Relative Truth

I got an email the other day from Paul Z. in Connecticut. Paul has been one of my brother Phil’s best friends since they were kids, and he wrote to object to my recent characterization of my father as "a hard case."

"I know he was a bit stiff," Paul writes, "but he was always decent to me and the rest of your brothers’ friends, and he took my ribbing him pretty well. I don’t know that he was that dogmatic. I saw him in lots of situations where he was upset by various things his kids were going through, and he wasn’t always that hard a case and, indeed, was vulnerable.

"I know he took interest in all of his sons and worried about them and also tried to take positive action to help them succeed in life. He was as straight as an arrow, but he liked and appreciated golf, music and reading annual reports. He was also generous, and he and your mother often offered to include me in your family’s events."

Paul said my dad wasn’t "that hard to get through to," and that I should "try to see him through other people’s eyes. Maybe that way you will realize you both would have enjoyed each other’s company more and more if his life hadn’t been cut off so short. That thought doesn’t have to be something to lament, but rather to take pleasure in what would inevitably have happened. "

Read more

Stems and Seeds

I drove recently to the middle-Georgia town of McDonough (local pronunciation: mick DON a) to visit with Amy Lovelace, who spends at least an hour a day, every day, hitting golf balls. She also plays 18 holes once a week and nine holes on another outing.

Amy is 46, married (her second) and has two dogs and three cats. She is slender and tan, has green eyes  and long, honey-colored hair pulled back beneath a black Titleist baseball cap. The muscularity in her arms and shoulders attests to the 25 years she’s spent in the gym.

Amy’s been a clerk at ABF Freight Systems for 23 years and drives a 5-series BMW, but it’s golf that defines her life.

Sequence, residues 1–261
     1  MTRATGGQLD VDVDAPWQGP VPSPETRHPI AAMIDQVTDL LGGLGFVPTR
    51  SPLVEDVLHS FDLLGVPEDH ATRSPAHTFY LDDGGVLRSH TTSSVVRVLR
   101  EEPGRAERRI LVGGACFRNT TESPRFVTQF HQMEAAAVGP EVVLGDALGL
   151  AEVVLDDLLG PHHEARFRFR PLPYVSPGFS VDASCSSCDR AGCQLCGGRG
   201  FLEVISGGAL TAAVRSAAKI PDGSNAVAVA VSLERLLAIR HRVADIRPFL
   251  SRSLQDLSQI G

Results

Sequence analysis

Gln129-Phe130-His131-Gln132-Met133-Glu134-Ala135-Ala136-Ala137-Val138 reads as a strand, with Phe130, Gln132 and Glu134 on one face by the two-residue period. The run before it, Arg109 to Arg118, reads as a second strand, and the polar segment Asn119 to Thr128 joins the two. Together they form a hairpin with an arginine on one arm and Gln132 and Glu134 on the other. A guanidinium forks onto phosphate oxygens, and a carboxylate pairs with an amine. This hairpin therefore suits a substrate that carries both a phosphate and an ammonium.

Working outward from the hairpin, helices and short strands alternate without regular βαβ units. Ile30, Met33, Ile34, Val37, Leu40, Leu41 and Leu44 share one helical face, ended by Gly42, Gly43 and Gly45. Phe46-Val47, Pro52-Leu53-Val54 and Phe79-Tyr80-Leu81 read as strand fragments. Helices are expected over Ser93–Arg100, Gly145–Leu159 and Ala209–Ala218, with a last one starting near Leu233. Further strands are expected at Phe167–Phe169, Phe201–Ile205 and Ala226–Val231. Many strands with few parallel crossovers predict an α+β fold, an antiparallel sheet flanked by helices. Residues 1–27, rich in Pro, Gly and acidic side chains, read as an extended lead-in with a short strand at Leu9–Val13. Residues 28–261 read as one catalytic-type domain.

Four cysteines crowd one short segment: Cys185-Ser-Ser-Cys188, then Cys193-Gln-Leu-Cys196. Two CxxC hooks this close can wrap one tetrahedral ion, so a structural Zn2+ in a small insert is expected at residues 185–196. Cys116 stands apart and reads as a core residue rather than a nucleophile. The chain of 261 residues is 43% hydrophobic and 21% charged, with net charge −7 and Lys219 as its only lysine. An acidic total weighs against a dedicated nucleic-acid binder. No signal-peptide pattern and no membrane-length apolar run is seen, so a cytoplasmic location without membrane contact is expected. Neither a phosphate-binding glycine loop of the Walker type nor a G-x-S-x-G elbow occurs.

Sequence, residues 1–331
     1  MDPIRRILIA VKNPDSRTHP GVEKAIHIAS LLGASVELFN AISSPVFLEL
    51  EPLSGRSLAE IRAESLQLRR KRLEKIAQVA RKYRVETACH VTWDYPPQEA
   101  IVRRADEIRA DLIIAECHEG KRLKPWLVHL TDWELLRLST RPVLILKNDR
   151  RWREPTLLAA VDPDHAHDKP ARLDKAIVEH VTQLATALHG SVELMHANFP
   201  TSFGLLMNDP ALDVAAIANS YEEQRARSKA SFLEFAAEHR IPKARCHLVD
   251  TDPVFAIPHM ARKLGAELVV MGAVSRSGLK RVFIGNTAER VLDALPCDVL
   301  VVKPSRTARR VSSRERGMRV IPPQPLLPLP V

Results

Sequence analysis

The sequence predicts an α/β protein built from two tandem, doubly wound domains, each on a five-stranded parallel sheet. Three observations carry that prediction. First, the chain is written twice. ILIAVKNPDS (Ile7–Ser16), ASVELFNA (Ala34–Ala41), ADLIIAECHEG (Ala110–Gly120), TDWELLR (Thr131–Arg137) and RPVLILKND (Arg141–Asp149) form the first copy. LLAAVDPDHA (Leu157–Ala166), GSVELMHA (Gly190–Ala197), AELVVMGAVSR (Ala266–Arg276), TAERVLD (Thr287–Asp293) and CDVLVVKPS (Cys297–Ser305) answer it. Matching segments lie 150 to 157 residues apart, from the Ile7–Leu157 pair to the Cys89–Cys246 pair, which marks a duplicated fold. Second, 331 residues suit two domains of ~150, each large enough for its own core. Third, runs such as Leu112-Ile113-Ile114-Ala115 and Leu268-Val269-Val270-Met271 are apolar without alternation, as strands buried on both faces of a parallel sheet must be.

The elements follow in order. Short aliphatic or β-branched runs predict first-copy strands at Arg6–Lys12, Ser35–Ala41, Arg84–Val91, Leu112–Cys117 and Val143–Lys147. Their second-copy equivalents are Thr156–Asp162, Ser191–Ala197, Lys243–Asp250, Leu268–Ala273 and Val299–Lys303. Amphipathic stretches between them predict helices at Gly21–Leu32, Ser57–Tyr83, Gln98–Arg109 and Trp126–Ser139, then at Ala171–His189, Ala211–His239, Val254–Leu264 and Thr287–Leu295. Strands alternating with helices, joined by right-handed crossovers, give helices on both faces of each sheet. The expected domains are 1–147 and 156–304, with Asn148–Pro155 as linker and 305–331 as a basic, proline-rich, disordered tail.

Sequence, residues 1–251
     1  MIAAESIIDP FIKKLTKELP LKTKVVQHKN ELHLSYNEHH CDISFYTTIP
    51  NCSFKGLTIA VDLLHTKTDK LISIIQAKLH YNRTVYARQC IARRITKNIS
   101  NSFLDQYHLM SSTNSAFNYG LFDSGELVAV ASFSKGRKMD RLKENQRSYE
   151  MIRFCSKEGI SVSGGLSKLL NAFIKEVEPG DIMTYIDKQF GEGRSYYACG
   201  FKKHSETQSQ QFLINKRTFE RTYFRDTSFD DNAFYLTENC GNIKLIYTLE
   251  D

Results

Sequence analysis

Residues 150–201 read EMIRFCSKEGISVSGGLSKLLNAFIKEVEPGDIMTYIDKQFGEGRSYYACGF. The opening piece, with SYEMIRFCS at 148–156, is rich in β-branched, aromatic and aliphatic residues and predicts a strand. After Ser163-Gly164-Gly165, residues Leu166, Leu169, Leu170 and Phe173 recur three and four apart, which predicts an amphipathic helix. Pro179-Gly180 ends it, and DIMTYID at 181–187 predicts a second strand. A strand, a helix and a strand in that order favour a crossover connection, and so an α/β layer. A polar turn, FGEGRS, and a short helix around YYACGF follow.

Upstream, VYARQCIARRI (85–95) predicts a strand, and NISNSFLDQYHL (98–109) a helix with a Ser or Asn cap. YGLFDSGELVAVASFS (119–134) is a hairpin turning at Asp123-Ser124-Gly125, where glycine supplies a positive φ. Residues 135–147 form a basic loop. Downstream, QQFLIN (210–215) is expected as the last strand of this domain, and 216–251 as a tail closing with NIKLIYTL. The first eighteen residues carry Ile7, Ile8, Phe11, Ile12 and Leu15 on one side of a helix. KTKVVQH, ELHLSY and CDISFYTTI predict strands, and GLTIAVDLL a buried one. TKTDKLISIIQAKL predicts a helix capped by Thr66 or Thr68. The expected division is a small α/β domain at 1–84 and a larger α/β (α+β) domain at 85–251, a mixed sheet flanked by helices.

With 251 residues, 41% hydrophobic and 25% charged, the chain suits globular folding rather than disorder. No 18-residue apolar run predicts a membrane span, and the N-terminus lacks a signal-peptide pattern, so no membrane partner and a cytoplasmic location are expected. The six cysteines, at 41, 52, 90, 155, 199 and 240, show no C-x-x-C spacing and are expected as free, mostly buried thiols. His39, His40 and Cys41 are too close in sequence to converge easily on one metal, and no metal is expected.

"It’s the only thing I do really well," she says. "My husband says I’m obsessed."

Read more

A Family Functions

On a desperately hot afternoon, when smart beach-goers had forsaken the charms of sun, sand and sea for air conditioning and frosty beverages, a pair of dolphins appeared a quarter-mile off the shore of North Carolina’s Outer Banks.

The larger dolphin surfaced and disappeared several times, it’s black dorsal fin and back sliding gracefully through the water. But the smaller dolphin erupted from the surface like a Polaris missile and crashed back into the water with an enormous splash. Moments later, he exploded into the air 20 yards away, spun to expose his shiny underside to the sun and slammed happily into the ocean on his back.

Five times in a matter of minutes he did this, like a toddler stamping happily in a puddle. That I say "he" is supposition, of course, supported primarily by my own circumstances.

I was at the beach with my brothers and their families, which includes four nephews and two nieces. My nephews, ages 10 to 16, fought rubber-band-gun wars, played Game Boy, romped in the waves, built sand structures and threw water balloons from the top floor deck at family and strangers alike.

Read more